The FTC wants to ban tough-to-cancel subscriptions

elashri | 919 points

These things are insane. I tried to cancel a month-to-month gym membership from a small local gym, and they told me "cancellations become effective on the 1st of the following month" and "require two months advance notice" thereby effectively charging me for three additional months after I gave notice. Apparently, this was all in the agreement I signed, although it was written so unclear, that nobody would even suspect this is how they interpret it.

I told them if you don't cancel it effective right now I am posting this dishonest predatory practice on every social media and review site in town, as well as telling all of my friends I met in here what you are doing, and asking them to please quit in protest. I'll also be doing a credit card chargeback, and a small claims court case to recover the time it takes me to deal with all of this. I will also take action to recover my back membership fees, because they repeatedly failed to maintain equipment in a usable condition, so I didn't get what I paid for. They did concede, and canceled it immediately.

UniverseHacker | a year ago

In my third world country (Brazil) we actually have strict regulations on cancellations (among other consumer focused laws):

- Companies need to choose at least one channel to work 24 hours a day seven days a week. - The consumer can only be transferred from an attendant once. - If the call drops, the attendant must return the call and complete the service, without the customer having to repeat everything again. - Phone calls with human service must be available for at least eight hours a day.

I'm a particular fan of the "mirror" concept, where cancelations/returna should work in the same channels and be as easy as the purchases/subscriptions.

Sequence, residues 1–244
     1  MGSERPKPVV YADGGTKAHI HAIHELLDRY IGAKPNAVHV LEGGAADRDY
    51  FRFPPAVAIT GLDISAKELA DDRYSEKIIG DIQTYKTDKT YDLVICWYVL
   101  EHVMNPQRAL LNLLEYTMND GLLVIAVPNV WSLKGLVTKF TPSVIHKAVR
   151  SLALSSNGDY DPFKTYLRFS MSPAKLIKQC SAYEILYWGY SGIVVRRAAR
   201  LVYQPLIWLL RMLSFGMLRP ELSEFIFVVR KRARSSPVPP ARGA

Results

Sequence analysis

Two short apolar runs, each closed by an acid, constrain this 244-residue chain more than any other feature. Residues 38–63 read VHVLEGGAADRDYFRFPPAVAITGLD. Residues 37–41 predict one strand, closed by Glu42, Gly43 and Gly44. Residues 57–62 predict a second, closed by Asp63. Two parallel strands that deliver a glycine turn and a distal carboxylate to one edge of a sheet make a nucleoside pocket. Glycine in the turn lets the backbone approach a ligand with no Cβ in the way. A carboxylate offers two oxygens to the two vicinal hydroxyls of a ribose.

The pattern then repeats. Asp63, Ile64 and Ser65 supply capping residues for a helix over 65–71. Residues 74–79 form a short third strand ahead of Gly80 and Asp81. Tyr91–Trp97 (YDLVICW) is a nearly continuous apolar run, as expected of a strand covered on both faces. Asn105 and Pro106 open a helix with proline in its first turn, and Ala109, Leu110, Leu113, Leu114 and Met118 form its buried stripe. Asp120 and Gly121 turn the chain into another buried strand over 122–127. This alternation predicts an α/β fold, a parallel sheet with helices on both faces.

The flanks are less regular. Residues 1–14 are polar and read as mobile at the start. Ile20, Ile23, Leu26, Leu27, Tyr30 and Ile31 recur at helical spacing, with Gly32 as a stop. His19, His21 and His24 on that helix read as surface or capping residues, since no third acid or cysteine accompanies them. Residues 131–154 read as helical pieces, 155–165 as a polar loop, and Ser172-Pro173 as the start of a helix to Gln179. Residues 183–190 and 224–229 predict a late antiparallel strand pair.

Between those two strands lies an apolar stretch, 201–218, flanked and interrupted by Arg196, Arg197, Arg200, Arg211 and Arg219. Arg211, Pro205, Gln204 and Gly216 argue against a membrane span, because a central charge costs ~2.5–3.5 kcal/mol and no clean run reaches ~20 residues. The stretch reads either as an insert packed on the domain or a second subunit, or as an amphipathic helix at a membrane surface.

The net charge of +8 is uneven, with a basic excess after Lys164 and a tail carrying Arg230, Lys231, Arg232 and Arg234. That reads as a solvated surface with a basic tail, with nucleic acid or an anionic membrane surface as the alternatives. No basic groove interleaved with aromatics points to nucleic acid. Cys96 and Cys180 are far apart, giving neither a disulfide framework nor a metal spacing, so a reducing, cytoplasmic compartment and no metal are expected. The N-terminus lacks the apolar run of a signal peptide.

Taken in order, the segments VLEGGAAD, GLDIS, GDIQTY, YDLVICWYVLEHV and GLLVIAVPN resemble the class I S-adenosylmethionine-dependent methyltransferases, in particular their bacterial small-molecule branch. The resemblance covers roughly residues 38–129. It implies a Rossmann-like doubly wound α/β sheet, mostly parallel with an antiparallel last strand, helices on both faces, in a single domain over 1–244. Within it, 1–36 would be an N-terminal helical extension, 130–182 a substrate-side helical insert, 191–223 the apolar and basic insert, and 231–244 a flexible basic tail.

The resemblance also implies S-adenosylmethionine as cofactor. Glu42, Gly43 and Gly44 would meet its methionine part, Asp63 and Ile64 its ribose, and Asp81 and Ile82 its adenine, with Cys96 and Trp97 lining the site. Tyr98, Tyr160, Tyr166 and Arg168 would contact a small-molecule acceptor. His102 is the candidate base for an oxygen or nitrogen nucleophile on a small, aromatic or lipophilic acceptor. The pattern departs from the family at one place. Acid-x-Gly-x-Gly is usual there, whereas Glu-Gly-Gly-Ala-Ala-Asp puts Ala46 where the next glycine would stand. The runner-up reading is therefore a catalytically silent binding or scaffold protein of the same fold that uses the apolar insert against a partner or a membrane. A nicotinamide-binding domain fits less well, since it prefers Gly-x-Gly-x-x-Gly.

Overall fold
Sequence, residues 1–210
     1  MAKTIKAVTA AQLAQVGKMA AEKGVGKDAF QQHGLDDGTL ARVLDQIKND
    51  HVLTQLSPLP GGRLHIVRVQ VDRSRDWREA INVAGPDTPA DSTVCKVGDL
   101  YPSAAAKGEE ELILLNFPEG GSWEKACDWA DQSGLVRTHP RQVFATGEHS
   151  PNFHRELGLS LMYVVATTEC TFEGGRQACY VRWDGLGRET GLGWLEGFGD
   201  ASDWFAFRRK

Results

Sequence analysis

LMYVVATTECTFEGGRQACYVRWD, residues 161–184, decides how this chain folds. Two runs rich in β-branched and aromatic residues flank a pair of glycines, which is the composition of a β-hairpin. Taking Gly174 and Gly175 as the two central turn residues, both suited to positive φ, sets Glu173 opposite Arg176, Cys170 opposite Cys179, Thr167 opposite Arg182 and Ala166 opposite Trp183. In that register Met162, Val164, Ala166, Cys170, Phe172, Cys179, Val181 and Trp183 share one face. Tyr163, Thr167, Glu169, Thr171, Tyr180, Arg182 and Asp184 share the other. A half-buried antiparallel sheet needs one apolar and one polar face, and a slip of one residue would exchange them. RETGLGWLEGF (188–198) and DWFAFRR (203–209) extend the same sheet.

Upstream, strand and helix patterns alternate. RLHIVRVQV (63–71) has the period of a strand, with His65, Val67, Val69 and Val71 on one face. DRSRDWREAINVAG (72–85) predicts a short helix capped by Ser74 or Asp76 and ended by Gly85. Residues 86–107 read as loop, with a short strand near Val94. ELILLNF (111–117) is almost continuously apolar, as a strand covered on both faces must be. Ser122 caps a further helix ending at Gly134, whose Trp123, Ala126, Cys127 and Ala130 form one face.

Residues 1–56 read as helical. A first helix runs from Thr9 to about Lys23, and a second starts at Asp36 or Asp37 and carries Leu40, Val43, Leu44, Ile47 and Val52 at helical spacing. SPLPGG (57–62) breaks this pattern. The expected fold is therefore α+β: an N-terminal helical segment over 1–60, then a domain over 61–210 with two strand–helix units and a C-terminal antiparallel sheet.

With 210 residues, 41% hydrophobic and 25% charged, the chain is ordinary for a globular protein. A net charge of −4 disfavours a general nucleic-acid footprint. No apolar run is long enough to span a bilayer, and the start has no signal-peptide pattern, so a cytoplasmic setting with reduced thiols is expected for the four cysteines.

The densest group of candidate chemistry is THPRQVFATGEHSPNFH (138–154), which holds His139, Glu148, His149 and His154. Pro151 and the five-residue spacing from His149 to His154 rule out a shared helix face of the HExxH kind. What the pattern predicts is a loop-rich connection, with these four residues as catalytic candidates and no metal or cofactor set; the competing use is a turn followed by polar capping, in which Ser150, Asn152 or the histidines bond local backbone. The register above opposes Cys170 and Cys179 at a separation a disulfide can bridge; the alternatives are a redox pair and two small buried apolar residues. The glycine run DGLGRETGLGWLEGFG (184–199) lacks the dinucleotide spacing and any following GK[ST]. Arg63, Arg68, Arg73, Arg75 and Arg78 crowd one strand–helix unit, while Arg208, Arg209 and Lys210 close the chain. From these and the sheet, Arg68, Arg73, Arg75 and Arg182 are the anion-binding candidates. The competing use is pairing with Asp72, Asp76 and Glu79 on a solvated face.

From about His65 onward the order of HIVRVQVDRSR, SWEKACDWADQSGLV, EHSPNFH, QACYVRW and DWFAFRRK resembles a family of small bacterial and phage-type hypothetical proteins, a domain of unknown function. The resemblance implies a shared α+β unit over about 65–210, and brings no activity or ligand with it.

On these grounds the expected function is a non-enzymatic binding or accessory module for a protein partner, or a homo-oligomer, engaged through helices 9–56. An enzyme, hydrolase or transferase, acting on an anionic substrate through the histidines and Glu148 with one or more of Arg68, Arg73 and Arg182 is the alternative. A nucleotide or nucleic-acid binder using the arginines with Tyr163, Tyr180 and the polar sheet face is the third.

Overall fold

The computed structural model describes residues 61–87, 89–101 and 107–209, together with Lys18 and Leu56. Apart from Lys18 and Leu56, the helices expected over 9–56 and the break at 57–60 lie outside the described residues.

Consumer laws here are surprisingly good in my opinion and I am also surprised on how little lobby power consumers have in developed countries, to be treated like they are, with all the black hat tactics companies throw at them.

dakial1 | a year ago

Tangential to this - no small part of the reason why I like subscriptions in the iPhone App Store is because Apple doesn't let billers fuck around like this. There's one place to see everything, and you can cancel anything in a couple clicks. It's part of why I'd probably never use an alternative app store.

meepmorp | a year ago

One of the most nefarious instances of this I have seen is a "online mental health counseling" startup that was charging a non-trivial monthly recurring fee, even though it did not have any available appointments with a professional in the coming month. I had to call and haggle for half an hour on behalf of someone who signed up for the app, and only after putting in their credit card information was shown that there are no appointments.

Shame on the "startup", and absolutely disgusting that we as a civilized country allow scams targeted towards a vulnerable population to happen quite legally.

polygamous_bat | a year ago

Can they loop in New York Times subscription? You have to _call_ them during business hours to cancel. When I was subscribed, I prompted myself to cancel when we had to change CC numbers (random fraud), so I finally called NYT to cancel. "You have to pay out first" -- no problem, I'll pay last bill right now and cancel. "Once you pay out, you have to wait two days before you can cancel it". WTF? Outright shady.

cloverich | a year ago